Posts tagged: IdaBlue
The University of Idaho announced that they received a $1 million grant from the Laura Moore Cunningham Foundation, to help start a U of I Law School in Boise. … The plan is to eventually be housed in a remodeled Ada County Courthouse, and to be co-located with the Idaho Supreme Court Library. They still need to raise another $6 million to achieve that dream. I dunno about all this, though I’m not sure the U of I has much choice. If they don’t get a Boise presence, the new Concordia Law School is going to siphon off a bunch of their students. And if they do get a three year Boise program, it will pull students from the Moscow campus. Either way, it’s difficult to see how the Moscow law school stays viable, or at least, stays in anything like its current configuration/IdaBlue. More here.
Question: Do you agree with IdaBlue that a law school branch in Boise eventually will undercut that main one at the University of Idaho campus in Moscow?
Ward also has said, “A government job isn’t a real job. True wealth creation comes from small business.” (Dan Popkey article w/quote here.)
This is a flat out Fox News talking point, oft repeated by wingers, so let’s unpack it a bit. A government job is not a real job. Well. I guess, then, no one in Ward’s family has a real job, preferring to feed at the government trough, while dissing it. Talk about biting the hand that feeds it. Also, given that our military is now all volunteer and the troops work for pay, those are government jobs. Not real ones, though. Please, Vaughn, keep telling our troops that they don’t have real jobs. Police? Not a real job? Firefighters? Not real? Coast Guard rescue swimmers who will drop from a helicopter into an icy and stormy sea to rescue a fisherman? Not real? The helicopter pilot who fights to keep the aircraft aloft in a storm to help the rescue? What a bunch of pussies, the lot of them/IdaBlue. More here.
Question: Is a government job a real job?
Now that Bill Sali is no longer a congressman, he’s going to need a new job. He wasn’t exactly prospering as a lawyer before going to DC. After all, he had to work three jobs; lawyer, legislator, and musician. I’d guess that an unpopular 1-term congressman isn’t going to be a prime candidate for a lobbiest or consultant job. So, I wonder if Gov Otter will toss ol’ Bill a bone and give him a state job. I know of one that’s coming open in a few weeks at an annual salary of $89,711. The Idaho Industrial Commission, which administers Idaho’s workers compensation system, has three commissioners/IdaBlue. More here. Idaho Blog roundup below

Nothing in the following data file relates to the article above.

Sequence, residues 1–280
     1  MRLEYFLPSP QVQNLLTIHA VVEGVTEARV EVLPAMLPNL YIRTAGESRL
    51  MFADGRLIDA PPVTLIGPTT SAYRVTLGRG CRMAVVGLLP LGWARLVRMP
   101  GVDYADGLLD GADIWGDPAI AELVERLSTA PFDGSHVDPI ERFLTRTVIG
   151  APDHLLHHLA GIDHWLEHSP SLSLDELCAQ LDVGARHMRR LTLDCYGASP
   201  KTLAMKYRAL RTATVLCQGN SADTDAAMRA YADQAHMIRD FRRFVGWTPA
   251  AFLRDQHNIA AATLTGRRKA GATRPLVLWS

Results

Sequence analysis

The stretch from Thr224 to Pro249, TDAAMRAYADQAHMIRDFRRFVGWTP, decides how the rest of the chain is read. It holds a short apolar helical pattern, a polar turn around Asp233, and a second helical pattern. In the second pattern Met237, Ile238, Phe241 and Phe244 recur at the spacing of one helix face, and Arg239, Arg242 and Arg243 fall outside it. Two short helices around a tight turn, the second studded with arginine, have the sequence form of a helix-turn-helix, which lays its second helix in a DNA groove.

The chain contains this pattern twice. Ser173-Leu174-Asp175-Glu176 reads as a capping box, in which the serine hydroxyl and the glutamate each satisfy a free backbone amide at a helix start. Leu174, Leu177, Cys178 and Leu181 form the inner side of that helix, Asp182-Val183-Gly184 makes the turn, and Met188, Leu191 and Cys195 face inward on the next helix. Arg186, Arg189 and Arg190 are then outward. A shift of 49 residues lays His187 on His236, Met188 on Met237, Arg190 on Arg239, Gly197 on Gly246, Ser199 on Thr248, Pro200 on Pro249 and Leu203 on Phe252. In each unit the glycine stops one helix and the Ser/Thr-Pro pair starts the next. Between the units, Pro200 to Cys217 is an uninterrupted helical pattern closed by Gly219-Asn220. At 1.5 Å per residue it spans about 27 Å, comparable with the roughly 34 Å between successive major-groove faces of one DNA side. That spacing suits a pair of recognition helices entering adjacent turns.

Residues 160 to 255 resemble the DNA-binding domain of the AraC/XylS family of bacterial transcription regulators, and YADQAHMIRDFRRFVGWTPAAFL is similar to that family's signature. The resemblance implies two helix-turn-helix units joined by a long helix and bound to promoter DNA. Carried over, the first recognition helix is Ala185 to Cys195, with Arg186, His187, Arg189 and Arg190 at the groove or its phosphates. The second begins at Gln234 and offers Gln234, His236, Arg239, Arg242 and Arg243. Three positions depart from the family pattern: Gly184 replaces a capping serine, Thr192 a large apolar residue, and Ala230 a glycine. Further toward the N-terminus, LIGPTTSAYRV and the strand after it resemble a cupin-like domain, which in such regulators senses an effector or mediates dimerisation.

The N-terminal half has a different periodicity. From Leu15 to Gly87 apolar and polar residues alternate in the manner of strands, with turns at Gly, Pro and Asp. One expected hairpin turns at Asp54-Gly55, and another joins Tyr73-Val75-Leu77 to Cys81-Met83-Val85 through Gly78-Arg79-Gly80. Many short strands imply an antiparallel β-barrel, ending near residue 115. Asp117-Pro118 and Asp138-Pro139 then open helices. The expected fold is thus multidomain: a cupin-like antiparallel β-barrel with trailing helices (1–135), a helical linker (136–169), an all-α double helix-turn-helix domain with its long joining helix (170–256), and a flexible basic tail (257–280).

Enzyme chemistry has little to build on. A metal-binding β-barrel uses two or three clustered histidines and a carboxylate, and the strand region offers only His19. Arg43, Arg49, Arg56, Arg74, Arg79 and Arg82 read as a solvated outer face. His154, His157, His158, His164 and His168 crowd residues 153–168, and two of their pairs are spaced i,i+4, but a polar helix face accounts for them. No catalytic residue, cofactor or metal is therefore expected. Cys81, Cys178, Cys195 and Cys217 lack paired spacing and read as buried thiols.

Question: What will Bill Sali do while he waits two years for another run for Congress?
I don’t really like the idea of asking state employees, even ones at the top, to bear the brunt of budget shortfalls. People vote for fiscally conservative legislators, and they accordingly try to keep the budget lean. When state employees don’t get raises, or take days without pay, they still deliver the services of the agency they’re working for, so taxpayers don’t experience the effect of budget problems/IdaBlue. More here.
Question: IdaBlue goes on to say that well-heeled Gov. Butch Otter shouldn’t have to give back his housing stipend in these tight economic times. Do you agree?
Well, some of us would lose our jobs if we were exposed, but that’s an argument for some other time. My chief beef with Richert’s opinion is that he confuses commenters with bloggers. Folks who leave some comment under a fake name on a blog aren’t bloggers. Bloggers maintain a blog. Udapimp, for example since s/he is referred to by Richert, doesn’t have a blog that I know of, is not a blogger. Leaving comments is not the same as blogging. Anonymous commenters can be bomb throwers, kind of like a drive-by shooting. They [a few of them, not all] pop up and post some angry comment and move on, leaving no trail. We semi-anonymous bloggers might throw a bomb, but we have a more substantial presence by which Richert can tell “where [we’re] coming from.” Just read our blogs/IdaBlue. More here.
Question: Why did you choose to be anonymous?